This report is a bit long but most of it is back ground going into the race than about the actual race itself. First off, planning to run my first 100 miler was a journey, one that I wanted to embrace and enjoy every minute of. I’m a planner and an organizer, but don’t necessarily follow an exact training schedule. So for at least 6 months, every race I ran, every hike, or training run was all leading me to this event. But before I got to my 100 mile race, the Blind Pig 100, I ran the Georgia Death Race. GDR was 68 miles long and 40,000 ft of elevation change, with lots of hype of dying, I focused all my attention on the Death Race and didn’t give my first thought to Blind Pig 100 until after I finished the GDR which was just 4 weeks before. (You can read my DGR race report)
“Trail Running 100: Embrace the Journey” was started as an ordinary woman, wife and mom on a quest to run a 100 miler and to embrace that journey that would lead me there. I planned it all out, picked the “perfect” races leading up to it. First a 36 mile race, then a 50 miler, leading up to the Death Race at 68 miles, then Blind Pig 100. I would do it, share what I learned along the way and try to share my struggles as well. It seemed the plan was going very smoothly, completing races, staying injury free (well for the most part, a few scrapes but trail runners don’t count those).
So I came off the Georgia Death Race on a huge high finishing in just under 21 hours. I felt great, had a super fun time, enjoyed friends, made new friends and as far as races go, it could not have gone smoother for me. Now I needed to focus on Blind Pig 100. I had no running buddy to do it with. Everyone I knew that was going to do it, was no longer doing it. I was hopeful as I reached out to Brad, my new running friend who I shared several miles with on the GDR trail with. He had gotten injured on GDR and my hopes of a running buddy were fading fast. Getting myself excited to run the first 50 miles solo was mentally proving to be very difficult. My friend Carrie Dix, who had paced us during GDR was also stepping in again to help crew and pace the last 50 miles of BP100, and while Brad Scott was injured during GDR and no longer able to run BP100 he quickly offered to help crew me as well. I think they were all more excited than I was. But this was a journey, and I had planned and trained and was determined to stay focused.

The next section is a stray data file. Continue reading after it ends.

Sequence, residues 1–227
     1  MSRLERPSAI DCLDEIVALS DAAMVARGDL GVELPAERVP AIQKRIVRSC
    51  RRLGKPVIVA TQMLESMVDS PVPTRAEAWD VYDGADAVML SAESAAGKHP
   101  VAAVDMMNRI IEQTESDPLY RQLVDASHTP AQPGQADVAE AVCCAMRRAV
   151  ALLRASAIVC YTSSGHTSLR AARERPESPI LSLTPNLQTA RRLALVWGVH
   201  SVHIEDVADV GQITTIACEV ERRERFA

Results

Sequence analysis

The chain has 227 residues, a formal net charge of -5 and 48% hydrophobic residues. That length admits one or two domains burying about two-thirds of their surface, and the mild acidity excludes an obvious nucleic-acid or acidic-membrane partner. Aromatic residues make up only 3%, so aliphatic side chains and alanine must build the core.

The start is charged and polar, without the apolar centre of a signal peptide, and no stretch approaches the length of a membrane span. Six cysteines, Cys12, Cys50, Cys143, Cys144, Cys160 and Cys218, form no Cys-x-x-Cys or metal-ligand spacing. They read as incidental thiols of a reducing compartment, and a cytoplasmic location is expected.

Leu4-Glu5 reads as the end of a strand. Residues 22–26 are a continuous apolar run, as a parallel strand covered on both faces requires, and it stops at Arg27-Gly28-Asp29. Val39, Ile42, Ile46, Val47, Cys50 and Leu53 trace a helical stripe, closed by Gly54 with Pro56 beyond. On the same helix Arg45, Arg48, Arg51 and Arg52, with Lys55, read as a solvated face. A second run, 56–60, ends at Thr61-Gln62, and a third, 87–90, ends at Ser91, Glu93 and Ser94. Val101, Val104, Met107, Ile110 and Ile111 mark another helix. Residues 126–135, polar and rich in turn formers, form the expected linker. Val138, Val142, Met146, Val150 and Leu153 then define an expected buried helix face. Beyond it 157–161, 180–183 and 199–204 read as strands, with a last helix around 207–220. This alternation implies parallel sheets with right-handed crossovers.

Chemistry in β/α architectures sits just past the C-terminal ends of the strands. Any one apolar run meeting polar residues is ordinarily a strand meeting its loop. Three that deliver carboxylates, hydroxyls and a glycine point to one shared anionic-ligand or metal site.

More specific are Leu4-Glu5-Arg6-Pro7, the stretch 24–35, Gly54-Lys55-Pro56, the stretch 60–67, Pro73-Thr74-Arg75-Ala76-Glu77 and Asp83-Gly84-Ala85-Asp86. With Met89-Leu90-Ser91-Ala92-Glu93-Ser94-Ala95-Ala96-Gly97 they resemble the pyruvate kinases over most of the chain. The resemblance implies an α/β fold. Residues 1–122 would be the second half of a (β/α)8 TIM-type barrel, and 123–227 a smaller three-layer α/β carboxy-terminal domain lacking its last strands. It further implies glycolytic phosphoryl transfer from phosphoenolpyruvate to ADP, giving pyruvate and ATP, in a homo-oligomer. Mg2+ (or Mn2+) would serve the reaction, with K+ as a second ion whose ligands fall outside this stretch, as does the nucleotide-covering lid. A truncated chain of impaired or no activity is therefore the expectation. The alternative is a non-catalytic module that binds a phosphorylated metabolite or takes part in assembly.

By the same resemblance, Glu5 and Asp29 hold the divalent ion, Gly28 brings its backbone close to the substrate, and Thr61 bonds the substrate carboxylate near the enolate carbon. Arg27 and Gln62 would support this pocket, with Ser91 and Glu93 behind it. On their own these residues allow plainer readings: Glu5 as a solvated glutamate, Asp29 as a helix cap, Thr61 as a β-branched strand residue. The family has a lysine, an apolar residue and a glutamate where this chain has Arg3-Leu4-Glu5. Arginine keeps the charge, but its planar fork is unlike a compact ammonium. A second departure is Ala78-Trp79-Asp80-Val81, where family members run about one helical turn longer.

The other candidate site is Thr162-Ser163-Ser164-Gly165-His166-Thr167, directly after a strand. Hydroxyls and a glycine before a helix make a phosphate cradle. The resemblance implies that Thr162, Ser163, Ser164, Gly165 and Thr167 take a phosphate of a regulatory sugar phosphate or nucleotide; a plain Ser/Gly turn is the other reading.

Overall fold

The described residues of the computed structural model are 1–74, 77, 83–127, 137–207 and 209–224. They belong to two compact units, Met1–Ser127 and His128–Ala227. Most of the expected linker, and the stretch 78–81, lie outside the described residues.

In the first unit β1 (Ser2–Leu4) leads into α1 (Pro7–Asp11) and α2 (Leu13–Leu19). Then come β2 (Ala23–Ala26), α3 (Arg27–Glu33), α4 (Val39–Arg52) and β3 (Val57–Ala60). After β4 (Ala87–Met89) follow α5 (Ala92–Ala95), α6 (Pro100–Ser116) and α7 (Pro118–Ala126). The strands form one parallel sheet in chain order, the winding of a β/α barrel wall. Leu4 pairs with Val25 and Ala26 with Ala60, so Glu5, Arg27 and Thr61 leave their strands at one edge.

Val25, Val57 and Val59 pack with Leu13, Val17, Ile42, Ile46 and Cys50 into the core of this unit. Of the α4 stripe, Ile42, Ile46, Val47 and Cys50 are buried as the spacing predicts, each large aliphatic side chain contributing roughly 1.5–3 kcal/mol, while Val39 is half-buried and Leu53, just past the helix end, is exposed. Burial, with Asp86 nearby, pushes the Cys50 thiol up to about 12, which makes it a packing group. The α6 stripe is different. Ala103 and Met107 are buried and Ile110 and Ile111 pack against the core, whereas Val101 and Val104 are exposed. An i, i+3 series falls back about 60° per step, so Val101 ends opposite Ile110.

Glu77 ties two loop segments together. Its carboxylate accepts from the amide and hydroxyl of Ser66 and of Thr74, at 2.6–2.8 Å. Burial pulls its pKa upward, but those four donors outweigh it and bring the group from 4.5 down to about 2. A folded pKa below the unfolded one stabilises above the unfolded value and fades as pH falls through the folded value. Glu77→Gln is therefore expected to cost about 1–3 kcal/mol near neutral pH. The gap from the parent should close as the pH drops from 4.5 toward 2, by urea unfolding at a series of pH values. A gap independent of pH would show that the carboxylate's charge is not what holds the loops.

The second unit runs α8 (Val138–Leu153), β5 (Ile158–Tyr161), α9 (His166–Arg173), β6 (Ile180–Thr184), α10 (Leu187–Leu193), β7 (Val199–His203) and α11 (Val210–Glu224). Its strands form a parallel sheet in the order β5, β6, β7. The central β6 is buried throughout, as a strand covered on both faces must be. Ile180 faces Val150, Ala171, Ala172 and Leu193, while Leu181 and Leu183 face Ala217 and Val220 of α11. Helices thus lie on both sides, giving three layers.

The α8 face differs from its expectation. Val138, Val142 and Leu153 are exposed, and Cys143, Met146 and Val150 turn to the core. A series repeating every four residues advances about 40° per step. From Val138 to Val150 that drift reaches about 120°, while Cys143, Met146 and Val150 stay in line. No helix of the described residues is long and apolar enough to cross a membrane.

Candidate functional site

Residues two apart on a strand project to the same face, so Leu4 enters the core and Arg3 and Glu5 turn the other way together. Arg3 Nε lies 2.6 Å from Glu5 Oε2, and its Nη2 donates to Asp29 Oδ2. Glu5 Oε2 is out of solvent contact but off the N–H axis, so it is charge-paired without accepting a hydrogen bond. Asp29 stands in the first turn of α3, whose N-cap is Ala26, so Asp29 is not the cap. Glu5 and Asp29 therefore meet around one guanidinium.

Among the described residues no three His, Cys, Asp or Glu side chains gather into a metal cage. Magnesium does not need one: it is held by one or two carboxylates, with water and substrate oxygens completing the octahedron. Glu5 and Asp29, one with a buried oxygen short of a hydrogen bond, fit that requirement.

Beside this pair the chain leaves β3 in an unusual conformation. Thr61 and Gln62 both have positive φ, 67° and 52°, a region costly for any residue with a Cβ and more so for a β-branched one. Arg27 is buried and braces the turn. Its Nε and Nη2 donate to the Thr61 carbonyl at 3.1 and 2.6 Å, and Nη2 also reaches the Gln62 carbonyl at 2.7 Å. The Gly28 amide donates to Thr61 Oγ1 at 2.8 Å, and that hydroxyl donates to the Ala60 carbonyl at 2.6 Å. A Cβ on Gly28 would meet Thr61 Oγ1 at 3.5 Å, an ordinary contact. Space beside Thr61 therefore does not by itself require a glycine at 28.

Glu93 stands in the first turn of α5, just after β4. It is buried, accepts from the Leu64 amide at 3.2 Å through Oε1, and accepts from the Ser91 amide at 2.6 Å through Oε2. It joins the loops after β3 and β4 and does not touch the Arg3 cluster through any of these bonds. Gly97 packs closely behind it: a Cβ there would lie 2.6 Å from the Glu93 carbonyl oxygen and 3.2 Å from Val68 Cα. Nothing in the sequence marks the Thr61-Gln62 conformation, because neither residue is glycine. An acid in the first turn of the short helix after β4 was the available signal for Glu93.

The week leading into Blind Pig I went and bought myself a iPod Shuffle to keep me company and stalked Ultra Signup some to see if I could reach out to any other potential buddy to run with. One new friend I found, Lisa Grippe who was running the 100K solo seemed happy I reached out to her. We thought we might have compatible paces and be able to run some together. As I said, I’m a planner, I got myself organized with bins containing: clothing, medical supplies, food and fuel items, shoes, jackets, hats, etc. Everything was labeled so it would be easy for my crew to help me out as needed. I had packed enough stuff to keep me running for weeks but I was determined not to forget a thing, you never know what you might want or wish you had. That is one really nice advantage to a loop course, you can get to your crew and stuff and always know exactly what you have to choose from.